• Literally, how would you turn $((0,1,1),(1,1,1,1,1),(),(0,1,0,1))$ into a single word? It wasn't obvious that either of those points were clear to you since it was non-obvious why you would do either of those thing, but I'm glad it makes sense. Commented Jan 5, 2023 at 0:29
• This looks again like an issue of not writing $T(A)^2$ down explicitly. It is $\sqcup_{i,j} A^i\otimes A^j.$ Thus you do indeed get to define different maps on the "disjoint" (not literally, in general) subobjects $A^3\otimes A$ and $A^2\otimes A^2,$ all part of a single map out of $T(A)^2.$ Commented Jan 6, 2023 at 17:34

Here's an alternative take on the problem: one may use Theorem 2.1 from nLab's article on the free monoid (note: $$\operatorname{Mon}(\mathsf{C})$$ means the category of monoids in a monoidal category $$\mathsf{C}$$) and then apply Lemma 5.1.3 of Riehl's book (saying that any functor adjunction induces a monad on the domain of the left adjoint). A proof of the mentioned Theorem 2.1 of the nLab's article may be read in Mac Lane's Categories for the Working Mathematician, VII.3, Theorem 2. Anyway, here's a proof outline:

We define a left adjoint $$F:\mathsf{C}\to\mathrm{Mon}(\mathsf{C})$$ to the forgetful functor $$\mathrm{Mon}(\mathsf{C})\to\mathsf{C}$$. It sends $$c$$ to $$Fc=\sum_{n\geq 0}c^{\otimes n}$$. The unit $$\eta=i_0:*\to Fc$$ is just the inclusion in degree $$0$$. Distributivity of the tensor product with respect to countable coproducts means that the tensored inclusions $$c^{\otimes n}\otimes c^{\otimes k}\to Fc\otimes Fc$$ give rise to a canonical isomorphism $$\label{iso}\tag{1} \sum_{n,k\geq 0}c^{\otimes n}\otimes c^{\otimes k}\cong Fc\otimes Fc.$$ We will now define the multiplication $$\mu:Fc\otimes Fc\to Fc$$. By \eqref{iso}, this amounts to define a map $$\mu_{nk}:c^{\otimes n}\otimes c^{\otimes k}\to Fc$$, for each $$n,k\geq 0$$. If $$n,k\geq 1$$, then $$c^{\otimes n}\otimes c^{\otimes k}=c^{\otimes n+k}$$ and $$\mu_{nk}=i_{n+k}:c^{\otimes n+k}\to Fc$$ is the inclusion in degree $$n+k$$. If one of $$n$$ or $$k$$ is zero (WLOG suppose $$n=0$$), then we define $$\mu_{0k}$$ to be $$*\otimes c^{\otimes k}\xrightarrow{\lambda_k}c^{\otimes k}\xrightarrow{i_k} Fc$$, where $$\lambda_k$$ is the component of the left unitor of (the monoidal structure on) $$\mathsf{C}$$ at $$c^{\otimes k}$$.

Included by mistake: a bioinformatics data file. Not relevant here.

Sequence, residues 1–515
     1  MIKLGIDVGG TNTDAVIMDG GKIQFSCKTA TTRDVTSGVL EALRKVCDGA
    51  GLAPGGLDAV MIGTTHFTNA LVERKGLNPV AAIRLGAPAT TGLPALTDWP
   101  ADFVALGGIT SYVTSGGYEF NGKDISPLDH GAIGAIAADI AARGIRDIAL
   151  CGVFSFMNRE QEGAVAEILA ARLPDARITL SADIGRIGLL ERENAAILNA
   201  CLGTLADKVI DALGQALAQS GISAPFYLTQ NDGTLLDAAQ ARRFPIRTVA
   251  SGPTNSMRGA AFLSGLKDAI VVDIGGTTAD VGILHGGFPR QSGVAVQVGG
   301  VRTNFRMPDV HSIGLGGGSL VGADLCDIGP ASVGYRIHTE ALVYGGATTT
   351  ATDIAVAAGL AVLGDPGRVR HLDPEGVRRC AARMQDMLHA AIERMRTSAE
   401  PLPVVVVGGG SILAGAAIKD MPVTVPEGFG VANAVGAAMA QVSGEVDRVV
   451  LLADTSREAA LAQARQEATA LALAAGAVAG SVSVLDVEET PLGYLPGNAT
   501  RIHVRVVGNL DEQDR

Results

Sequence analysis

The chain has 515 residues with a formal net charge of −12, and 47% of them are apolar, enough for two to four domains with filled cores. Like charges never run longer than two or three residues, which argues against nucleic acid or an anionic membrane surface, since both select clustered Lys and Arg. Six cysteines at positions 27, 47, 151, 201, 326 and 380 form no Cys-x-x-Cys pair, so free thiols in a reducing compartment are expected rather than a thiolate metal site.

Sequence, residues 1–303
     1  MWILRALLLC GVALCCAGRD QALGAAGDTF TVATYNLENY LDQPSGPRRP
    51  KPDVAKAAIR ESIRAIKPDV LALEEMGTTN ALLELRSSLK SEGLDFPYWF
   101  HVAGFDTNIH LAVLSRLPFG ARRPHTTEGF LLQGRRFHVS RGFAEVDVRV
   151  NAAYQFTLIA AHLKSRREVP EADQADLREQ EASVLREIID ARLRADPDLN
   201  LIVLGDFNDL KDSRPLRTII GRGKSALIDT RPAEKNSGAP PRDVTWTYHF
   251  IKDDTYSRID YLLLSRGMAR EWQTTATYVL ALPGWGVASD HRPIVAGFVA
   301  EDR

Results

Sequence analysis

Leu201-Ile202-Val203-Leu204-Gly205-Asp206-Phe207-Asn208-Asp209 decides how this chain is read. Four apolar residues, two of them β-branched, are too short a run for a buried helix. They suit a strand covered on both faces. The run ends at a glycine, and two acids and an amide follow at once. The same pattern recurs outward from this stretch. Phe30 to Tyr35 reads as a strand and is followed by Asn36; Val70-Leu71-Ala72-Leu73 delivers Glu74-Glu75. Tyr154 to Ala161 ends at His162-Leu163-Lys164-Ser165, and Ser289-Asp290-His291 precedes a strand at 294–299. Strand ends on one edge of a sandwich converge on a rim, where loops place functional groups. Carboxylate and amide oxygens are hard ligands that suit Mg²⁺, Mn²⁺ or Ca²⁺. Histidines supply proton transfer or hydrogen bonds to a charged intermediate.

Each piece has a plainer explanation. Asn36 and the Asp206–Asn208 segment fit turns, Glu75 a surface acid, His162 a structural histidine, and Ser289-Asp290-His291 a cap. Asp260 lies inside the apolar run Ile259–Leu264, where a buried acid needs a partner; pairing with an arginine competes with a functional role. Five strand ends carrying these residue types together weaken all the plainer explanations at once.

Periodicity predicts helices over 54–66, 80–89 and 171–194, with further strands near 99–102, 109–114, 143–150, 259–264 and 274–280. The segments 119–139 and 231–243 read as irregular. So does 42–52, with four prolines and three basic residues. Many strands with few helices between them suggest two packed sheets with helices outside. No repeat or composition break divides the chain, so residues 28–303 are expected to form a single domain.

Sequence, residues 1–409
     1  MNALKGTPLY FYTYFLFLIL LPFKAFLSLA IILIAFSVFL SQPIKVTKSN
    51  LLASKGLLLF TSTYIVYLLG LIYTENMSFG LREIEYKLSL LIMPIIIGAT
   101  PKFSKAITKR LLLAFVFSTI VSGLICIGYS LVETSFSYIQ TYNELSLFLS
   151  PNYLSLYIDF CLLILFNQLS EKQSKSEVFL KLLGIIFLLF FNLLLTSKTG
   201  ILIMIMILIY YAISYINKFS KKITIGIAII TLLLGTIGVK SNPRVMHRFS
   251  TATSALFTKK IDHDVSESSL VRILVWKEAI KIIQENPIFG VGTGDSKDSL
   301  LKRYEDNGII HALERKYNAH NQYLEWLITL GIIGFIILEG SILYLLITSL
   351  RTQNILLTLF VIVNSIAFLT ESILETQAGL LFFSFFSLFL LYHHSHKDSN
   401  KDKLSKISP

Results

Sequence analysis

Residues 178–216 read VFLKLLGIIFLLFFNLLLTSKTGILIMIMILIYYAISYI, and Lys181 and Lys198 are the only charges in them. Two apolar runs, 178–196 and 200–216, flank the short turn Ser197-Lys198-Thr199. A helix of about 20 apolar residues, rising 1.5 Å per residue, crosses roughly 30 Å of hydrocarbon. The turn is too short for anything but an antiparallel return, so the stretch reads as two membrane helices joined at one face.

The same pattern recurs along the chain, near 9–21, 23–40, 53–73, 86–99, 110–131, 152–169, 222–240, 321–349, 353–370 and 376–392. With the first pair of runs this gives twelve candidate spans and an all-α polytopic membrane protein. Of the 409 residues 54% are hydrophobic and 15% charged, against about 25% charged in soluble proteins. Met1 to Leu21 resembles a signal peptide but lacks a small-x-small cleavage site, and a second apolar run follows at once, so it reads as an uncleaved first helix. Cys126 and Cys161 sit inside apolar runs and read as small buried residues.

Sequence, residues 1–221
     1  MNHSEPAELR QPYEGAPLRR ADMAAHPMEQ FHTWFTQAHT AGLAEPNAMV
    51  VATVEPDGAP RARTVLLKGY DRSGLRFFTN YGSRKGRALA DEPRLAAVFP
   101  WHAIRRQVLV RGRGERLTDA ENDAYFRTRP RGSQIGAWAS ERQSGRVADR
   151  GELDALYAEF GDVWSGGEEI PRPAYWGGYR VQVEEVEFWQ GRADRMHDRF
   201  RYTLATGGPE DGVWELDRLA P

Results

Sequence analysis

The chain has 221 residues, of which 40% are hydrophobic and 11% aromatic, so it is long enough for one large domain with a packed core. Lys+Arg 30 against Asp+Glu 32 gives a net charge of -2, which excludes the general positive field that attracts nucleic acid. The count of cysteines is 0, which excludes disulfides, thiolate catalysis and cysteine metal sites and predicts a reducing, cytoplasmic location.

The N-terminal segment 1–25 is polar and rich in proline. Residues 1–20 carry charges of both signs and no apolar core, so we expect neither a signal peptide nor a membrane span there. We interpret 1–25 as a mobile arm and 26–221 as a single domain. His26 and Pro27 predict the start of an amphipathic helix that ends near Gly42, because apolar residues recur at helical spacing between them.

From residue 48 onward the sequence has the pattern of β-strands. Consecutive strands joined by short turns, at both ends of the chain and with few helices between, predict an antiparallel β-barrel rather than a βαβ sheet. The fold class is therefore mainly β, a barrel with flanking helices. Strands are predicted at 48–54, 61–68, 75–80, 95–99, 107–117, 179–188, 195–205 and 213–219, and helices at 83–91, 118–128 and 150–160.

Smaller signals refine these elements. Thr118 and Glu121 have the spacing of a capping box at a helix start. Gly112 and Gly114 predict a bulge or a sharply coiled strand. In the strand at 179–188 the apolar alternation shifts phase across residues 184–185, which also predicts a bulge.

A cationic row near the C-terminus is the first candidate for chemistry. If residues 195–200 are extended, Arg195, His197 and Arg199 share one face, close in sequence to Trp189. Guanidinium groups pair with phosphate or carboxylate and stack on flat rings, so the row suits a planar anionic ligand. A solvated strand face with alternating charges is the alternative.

With this unit and multiplication, $$Fc$$ is a monoid in $$\mathsf{C}$$: it is associative [ref]. Unitality is expressed by the commutativity of the outer square in the following diagram:

(Here, $$i_{nk}:c^{\otimes n}\otimes c^{\otimes k}\to\sum_{n,k\geq 0}c^{\otimes n}\otimes c^{\otimes k}$$ denotes the inclusion in degree $$n,k$$.) Note that, in the diagram, the arrows $$\nwarrow$$ and $$\uparrow$$ are isos by distributivity of the tensor product with respect to countable coproducts. Hence, it suffices to see that the four internal triangles commute. The top, bottom and right triangles commute basically by definition. The left triangle commutes by naturality of $$\lambda$$. Hence, $$Fc$$ is left-unital. Showing that $$Fc$$ is right-unital is analogous.

This finishes the definition of the action of $$F$$ on objects. We now define the action on morphisms. A morphism $$c\to d$$ in $$\mathsf{C}$$ induces a canonical map $$Fc\to Fd$$, not difficult to verify to be a morphism in $$\operatorname{Mon}(\mathsf{C})$$.

Let $$m$$ be a monoid in $$\mathsf{C}$$. It is left to see that the natural map \begin{align*} \tag{2}\label{nat} \operatorname{Mon}(\mathsf{C})(Fc,m)&\rightarrow\mathsf{C}(c,m)\\ (Fc\to m)&\mapsto(c\to Fc\to m) \end{align*} is a bijection. We first see it is onto: a morphism $$c\to m$$ induces a morphism $$c^{\otimes n}\to m^{\otimes n}$$. Post-composing with the $$n$$-ary multiplication $$m^{\otimes n}\to m$$ (defined up to unique natural isomorphism, see Mac Lane's book, VII.3, Proposition 1) and summing everything up gives a map $$Fc\to m$$. One may verify that this constitutes a morphism of monoids.

To see injectivity, given a morphism of monoids $$Fc\to m$$, it suffices to see that for $$n\geq 1$$, the map $$c^{\otimes n}\to Fc\to m$$, is completely determined by $$c\to Fc\to m$$. The diagram $$\require{AMScd} \begin{CD} (Fc)^{\otimes n}@>>> Fc\\ @VVV@VVV\\ m^{\otimes n}@>>> m \end{CD}$$ commutes by hypothesis. Precomposing the diagram with the canonical map $$j:c^{\otimes n}\to (Fc)^{\otimes n}$$ (equal to the composite $$c^{\otimes n}\to\sum_{k_1,\dots,k_n\geq 0}c^{\otimes k_1+\cdots +k_n}\cong(Fc)^{\otimes n}$$, where the latter is canonical and the former is the inclusion in degree $$(k_1,\dots,k_n)=(1,\dots,1)$$) gives the desired result.